Over the years, a lot of common myths about what pregnant mothers should or should not eat have been debunked. Many of the things that society used to think were not okay for pregnant women have since been proven to be harmless old wives’ tales. Thanks to the ever-evolving scientific understanding of the pregnant woman’s body, we now know many of the old thoughts on pregnancy diets to simply be urban legends. Here are a few common misconceptions and myths about pregnancy diets.
1. You Should Eat Much More Than Usual
Many people think that pregnant women should eat, eat, eat. That’s simply not true. You will need to eat more than you usually would, but probably not until the second trimester. Your body becomes much more efficient during pregnancy, meaning that it absorbs more of the nutrients from the food you eat. You won’t need to eat any additional calories during your first trimester, and you’ll only need to add about 300 extra calories per day during the second trimester and just 450 extra during the third trimester.
Focus on quality rather than quantity: you want your diet to promote health and wellness for both you and your baby. Make sure you eat plenty of nutrition-dense foods containing omega-3 fatty acids, iron, calcium, and plenty of vitamins. Avoid soft cheeses or unpasteurized milk, which could contain harmful bacteria that are bad for babies.
2. You Shouldn't Eat Fish
Like all the most convincing myths, this one is grounded in some truth. The higher up on the food chain fish is, the more mercury it contains: swordfish, mackerel, and shark contain very large amounts of mercury, so much so that they’re not very healthy for you, let alone your baby. But smaller fish containing lower levels of mercury are not only safer, but they’re very helpful to your child. You need a certain amount of omega-3 acids to help your baby develop in the womb, and fish is an excellent source of omega-3s and lean protein. Experts say you should eat at least 12 ounces of fish a week when pregnant.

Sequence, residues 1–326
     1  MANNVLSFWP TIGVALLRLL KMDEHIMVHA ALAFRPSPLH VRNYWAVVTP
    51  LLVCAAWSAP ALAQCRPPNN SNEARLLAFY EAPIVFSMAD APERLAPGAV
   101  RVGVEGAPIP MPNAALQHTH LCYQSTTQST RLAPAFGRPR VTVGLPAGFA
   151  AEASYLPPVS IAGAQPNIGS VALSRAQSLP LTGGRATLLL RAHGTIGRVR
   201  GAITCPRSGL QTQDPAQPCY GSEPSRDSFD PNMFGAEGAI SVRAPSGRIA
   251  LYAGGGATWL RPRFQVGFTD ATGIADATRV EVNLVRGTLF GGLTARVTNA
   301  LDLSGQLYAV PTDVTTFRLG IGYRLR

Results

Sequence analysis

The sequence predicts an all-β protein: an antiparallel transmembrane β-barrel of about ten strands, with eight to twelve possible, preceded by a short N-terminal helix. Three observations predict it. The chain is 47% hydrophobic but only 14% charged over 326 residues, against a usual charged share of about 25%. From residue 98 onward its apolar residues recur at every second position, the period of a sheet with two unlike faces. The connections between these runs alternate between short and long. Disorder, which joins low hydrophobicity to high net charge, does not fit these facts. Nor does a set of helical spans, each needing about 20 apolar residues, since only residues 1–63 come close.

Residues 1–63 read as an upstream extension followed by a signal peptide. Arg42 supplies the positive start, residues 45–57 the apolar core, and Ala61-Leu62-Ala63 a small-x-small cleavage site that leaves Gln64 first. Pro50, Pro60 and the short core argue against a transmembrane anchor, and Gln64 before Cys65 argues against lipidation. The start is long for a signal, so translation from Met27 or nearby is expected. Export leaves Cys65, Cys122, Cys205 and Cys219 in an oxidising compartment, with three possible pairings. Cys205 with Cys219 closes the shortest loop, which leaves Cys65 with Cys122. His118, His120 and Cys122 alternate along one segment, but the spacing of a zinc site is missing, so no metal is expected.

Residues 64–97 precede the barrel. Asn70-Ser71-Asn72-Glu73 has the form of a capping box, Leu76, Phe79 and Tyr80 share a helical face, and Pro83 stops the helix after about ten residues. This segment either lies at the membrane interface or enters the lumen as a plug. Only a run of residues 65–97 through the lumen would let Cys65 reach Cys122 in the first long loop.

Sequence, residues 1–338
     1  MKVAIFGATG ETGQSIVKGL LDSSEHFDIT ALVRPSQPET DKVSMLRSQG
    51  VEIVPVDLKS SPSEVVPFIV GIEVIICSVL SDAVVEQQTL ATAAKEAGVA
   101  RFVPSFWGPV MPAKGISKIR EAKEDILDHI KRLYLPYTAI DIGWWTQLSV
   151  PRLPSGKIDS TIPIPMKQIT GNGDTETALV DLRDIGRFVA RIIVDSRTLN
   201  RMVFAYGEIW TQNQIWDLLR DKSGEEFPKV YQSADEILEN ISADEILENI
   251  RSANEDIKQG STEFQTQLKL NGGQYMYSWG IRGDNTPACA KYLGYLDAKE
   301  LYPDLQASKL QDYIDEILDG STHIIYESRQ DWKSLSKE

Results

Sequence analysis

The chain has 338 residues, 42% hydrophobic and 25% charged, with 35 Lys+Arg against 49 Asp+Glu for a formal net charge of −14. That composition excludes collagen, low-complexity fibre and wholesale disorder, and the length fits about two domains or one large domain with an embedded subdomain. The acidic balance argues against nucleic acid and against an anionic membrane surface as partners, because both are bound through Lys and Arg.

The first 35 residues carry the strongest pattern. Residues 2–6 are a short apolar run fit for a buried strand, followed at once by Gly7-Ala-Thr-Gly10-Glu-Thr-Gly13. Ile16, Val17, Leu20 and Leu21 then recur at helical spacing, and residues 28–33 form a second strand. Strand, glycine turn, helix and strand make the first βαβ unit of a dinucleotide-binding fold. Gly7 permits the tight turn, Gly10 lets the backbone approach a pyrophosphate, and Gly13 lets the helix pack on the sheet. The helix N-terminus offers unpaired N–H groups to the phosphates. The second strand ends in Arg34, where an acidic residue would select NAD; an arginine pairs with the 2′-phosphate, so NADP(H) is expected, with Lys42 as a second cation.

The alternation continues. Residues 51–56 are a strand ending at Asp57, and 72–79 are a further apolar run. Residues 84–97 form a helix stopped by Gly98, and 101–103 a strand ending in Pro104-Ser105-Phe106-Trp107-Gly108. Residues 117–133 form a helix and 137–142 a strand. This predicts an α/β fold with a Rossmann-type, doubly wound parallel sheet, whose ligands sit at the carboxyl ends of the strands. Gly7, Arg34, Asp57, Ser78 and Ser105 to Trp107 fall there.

3. You Have to Eat Meat
It’s a common misconception that you have to give up vegetarianism when you’re pregnant. This isn’t the case. You may have to adjust your diet a little bit to get extra amounts of protein, iron, and calcium (especially if you’re vegan), but it is very much doable. Hearty greens like kale and spinach, along with bran, give you plenty of necessary iron and calcium. Oatmeal, beans, and dried fruit are food items to stock up on as well, if you don’t eat meat. Soy products like tofu, edamame, and soy milk help you get your share of protein. If you don’t want to eat meat during your pregnancy, you simply don’t have to, as long as you’re attentive to getting your nutrients elsewhere.
These are the three biggest myths surrounding the diets of pregnant women. For the most part, a healthy pregnant diet is no different than a healthy regular diet. Be aware of these myths and you’ll have a healthy pregnancy without stressing out over what you eat. Talk to your doctor if you have any concerns or questions about what you should and shouldn’t be eating during pregnancy.
Freelance blogger Elsa Kendrick writes primarily about health care and the changing face of medicine in the 21st century. She is currently researching Preeclampsia Pregnancy and learning more about the specialized services needed for fetal care.
All articles on the blog and website are intended as information only. Please do not consider any of the information provided here as a substitute for medical advice. At all times seek medical advice directly with your own doctor and medical team.